In terms of clinical trials, India is actively participating in numerous trials, both multinational and domestically initiated. The clinical trial landscape spans from phase I trials to advanced stages, reflecting a robust engagement in research and development. While significant progress has been made, there is acknowledgment that more can be done to enhance the clinical trial ecosystem.

The National Cancer Grid (NCG) plays a pivotal role in this context. With over 800,000 new cancer patients registering with the NCG, it serves as an ideal platform for initiating and conducting clinical trials. While many institutions are well-prepared for such endeavors, there is recognition that improvements and expansions can be made. The NCG’s potential to facilitate quick initiation and obtain results efficiently makes it a valuable asset in advancing clinical research and cancer care in the country.


Is India well-prepared to adopt and provide access to precision medicine, and cell and gene therapies, how do you foresee the trajectory of these advanced therapies in the country?

The adoption of advanced therapies, such as precision medicine, and cell and gene therapies, presents a unique set of challenges and opportunities in India. While these treatments are globally discussed and readily accessible in countries like the US, India faces certain barriers, including linguistic diversity and varying levels of awareness about clinical trials among the population.

The linguistic diversity, with 13 official languages in India, poses a challenge in terms of providing information and conducting clinical trials in a way that is accessible to individuals speaking different languages. Additionally, there may be a need for increased awareness and education about clinical trials, ensuring that potential participants fully understand the nature and benefits of these advanced therapies.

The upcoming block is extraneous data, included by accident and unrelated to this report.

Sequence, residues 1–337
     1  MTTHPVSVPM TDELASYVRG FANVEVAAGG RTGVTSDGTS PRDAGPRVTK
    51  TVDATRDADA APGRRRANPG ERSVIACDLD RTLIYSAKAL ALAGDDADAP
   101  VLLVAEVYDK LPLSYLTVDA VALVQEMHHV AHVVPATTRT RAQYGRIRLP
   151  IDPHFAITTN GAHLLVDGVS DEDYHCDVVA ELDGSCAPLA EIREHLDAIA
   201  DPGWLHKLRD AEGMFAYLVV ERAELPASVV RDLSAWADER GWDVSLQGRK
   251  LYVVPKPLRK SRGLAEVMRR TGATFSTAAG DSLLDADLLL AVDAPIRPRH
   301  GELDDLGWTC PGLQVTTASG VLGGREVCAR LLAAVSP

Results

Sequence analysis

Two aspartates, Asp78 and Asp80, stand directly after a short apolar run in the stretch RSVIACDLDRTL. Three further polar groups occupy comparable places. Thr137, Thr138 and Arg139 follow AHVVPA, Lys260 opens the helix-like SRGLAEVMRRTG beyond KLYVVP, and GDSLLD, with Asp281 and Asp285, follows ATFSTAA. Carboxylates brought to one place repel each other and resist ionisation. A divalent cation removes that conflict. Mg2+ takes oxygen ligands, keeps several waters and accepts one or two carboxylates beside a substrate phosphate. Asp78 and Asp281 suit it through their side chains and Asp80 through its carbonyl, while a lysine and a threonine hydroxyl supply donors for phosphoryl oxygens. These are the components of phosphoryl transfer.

I have great confidence in the intelligence and adaptability of the Indian population, particularly with the support of well-informed relatives. While I recognise that the widespread adoption of advanced therapies might not happen immediately, I firmly believe that India is on a trajectory to make significant progress in this direction over the next decade. My optimism stems from the anticipation that as awareness, education, and understanding of these advanced treatments grow, India will actively engage in and contribute to the advancements in precision medicine and advanced therapies. I envision a future where India not only embraces these treatments but also emerges as a substantial contributor to global academic advancements in this transformative field.


Do you believe India will be a hub for making advanced medical treatments more affordable, considering the vast population and the potential impact on accessibility?

The goal is to make these treatments accessible to as many people as possible. While achieving 100 percent affordability might be ambitious, even reaching 50 percent would be a significant stride. Given India’s vast population, covering 50 percent would be akin to catering to a population equivalent to that of the United States and Europe combined. This, in itself, represents a substantial impact, making these advanced treatments more widely accessible and addressing a considerable portion of the population’s healthcare needs.


How do you assess the role of the private sector in advancing healthcare, research, and science in India?

In the healthcare sector, it is crucial to understand that the private and government sectors play complementary roles rather than being in competition. The standard benchmark for a country’s healthcare expenditure is often suggested to be around 4 percent to 6 percent of GDP. In India, the government currently allocates approximately 1.6 percent to 1.8 percent of GDP, with plans to increase this to 2.5 percent in the coming years.